While I am confident that all my guests will leave Luangwa having had an amazing time, there is always an element of nervousness on my part each time I start with someone new. I think it’s only natural, and it keeps me on my toes!

I had started safari steadily with Hermann that afternoon; after all it was our first drive and I find that entering the South Luangwa National park is an overload on the senses. There is such an abundance of game and I like to allow guests to process it in their own way. We had taken in some zebras and elephants, before I turned and headed to a spot where I’d left some lions resting in the morning. The lions hadn’t done much – they’d moved around the tree to stay in the shade! – so we left them resting and went to shoot some impalas who were standing beautifully in a tunnel of trees.

The impalas were a little twitchy, but I put that down to their nervousness at feeding alongside a deep gulley, which often provides cover to predators. However, I then heard a single baboon give several short calls, and I knew that there was something around. A baboon might catch a glimpse of a predator in the gulley from the safety of his tree and call briefly before losing sight of the cat once more.

I headed to the site of the barking baboon, and checked the bottom of the gulley for leopard tracks. We moved off to check one other area, and when returning, I found brand new leopard paw prints in the spot where I had checked immediately before!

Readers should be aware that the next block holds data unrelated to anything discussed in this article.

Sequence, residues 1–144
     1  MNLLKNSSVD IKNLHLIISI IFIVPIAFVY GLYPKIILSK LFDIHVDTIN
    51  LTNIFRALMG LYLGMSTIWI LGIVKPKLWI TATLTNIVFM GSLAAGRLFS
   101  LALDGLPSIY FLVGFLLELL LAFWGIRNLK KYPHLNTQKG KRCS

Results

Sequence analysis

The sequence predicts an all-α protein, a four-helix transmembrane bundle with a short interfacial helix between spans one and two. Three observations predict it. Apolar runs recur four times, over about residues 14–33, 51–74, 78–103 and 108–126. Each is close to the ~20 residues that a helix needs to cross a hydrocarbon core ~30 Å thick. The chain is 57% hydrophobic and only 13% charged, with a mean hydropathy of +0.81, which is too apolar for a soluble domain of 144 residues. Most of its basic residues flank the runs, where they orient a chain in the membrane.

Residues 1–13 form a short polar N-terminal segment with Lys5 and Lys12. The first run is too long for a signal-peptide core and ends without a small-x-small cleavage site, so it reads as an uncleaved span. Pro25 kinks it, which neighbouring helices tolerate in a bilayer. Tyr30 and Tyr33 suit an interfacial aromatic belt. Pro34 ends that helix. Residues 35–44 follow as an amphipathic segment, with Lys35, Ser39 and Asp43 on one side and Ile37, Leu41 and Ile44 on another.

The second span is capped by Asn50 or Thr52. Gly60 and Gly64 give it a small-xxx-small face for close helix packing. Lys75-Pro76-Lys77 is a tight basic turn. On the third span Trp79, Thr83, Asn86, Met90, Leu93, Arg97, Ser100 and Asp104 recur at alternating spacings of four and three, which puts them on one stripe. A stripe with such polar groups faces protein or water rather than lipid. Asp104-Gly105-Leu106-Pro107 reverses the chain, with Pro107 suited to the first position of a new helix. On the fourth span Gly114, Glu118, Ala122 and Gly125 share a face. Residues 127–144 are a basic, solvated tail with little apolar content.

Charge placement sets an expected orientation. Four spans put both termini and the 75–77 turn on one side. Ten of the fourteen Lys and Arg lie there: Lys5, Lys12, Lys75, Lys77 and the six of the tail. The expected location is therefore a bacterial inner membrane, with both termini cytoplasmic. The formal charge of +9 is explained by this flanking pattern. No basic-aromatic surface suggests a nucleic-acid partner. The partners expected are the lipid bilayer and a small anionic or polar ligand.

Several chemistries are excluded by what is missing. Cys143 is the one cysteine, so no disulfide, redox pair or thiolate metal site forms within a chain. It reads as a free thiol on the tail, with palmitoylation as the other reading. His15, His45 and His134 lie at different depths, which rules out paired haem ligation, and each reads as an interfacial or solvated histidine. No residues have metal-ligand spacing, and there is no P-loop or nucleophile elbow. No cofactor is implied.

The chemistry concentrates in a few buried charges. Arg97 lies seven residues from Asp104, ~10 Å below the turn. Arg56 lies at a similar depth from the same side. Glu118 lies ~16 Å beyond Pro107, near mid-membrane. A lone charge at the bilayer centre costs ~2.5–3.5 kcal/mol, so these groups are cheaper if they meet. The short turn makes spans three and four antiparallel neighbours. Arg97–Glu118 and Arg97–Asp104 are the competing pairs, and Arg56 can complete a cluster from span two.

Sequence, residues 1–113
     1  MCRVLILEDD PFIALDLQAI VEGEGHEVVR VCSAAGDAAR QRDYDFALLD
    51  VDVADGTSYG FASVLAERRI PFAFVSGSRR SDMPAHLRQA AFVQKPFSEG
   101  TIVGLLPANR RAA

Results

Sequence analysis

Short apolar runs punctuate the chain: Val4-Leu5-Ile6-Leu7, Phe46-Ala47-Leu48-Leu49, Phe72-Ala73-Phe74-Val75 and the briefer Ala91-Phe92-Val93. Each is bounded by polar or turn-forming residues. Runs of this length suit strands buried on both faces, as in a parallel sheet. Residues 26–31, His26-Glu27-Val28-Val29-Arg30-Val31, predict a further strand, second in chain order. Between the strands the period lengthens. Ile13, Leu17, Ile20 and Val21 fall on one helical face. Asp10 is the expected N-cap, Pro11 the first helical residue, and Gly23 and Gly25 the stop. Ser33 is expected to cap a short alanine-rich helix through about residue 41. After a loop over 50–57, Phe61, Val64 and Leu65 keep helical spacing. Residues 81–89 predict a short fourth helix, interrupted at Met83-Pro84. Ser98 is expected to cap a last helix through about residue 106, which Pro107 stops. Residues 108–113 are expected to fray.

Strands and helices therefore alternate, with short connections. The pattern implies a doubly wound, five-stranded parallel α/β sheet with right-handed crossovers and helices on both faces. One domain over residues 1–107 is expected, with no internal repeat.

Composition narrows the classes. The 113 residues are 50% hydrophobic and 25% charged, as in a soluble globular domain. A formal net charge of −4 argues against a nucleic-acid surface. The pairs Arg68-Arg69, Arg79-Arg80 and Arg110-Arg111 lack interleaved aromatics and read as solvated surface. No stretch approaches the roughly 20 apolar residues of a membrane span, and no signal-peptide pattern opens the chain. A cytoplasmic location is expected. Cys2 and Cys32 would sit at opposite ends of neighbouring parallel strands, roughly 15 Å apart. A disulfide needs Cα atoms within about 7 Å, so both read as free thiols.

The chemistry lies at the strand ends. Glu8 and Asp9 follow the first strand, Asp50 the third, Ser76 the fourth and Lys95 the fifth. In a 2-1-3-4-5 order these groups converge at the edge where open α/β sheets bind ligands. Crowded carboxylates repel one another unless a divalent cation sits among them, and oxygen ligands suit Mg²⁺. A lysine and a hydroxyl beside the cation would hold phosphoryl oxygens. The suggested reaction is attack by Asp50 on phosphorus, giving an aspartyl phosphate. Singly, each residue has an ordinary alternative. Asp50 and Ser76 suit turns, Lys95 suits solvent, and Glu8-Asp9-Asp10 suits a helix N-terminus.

We returned to the impalas, knowing that the leopard would be after them, and took up position in a spot near the herd. We had hardly settled down when a female leopard came bursting from the gulley and flattened the impala ram before rolling down into the gulley with his muzzle in her jaws.

She throttled the impala for nearly 2 minutes (choosing to bite over his nose and mouth rather than his throat) before releasing her grip and resting.

The light was very low at this stage, so I had advised Hermann to use ISO 6400 and to choose his widest aperture (f5.6 on his Nikon 200-500mm lens). Even so, we were getting only 1/50-1/100sec. In this situation, I suggested resting the camera steadily on a bean-bag or monopod, and taking bursts of 3-5 images. While the shutter speed is slow, and the burst mode won’t make it any faster, you are more likely to find one shot which is sharp among many, rather than relying on the one shot you take being sharp.

Shortly after this, lions got wind of the kill, and piled in on top of the leopard, chasing her off and stealing her kill! What a way to start a safari in the Luangwa….although by no means all that Luangwa had to offer for Hermann!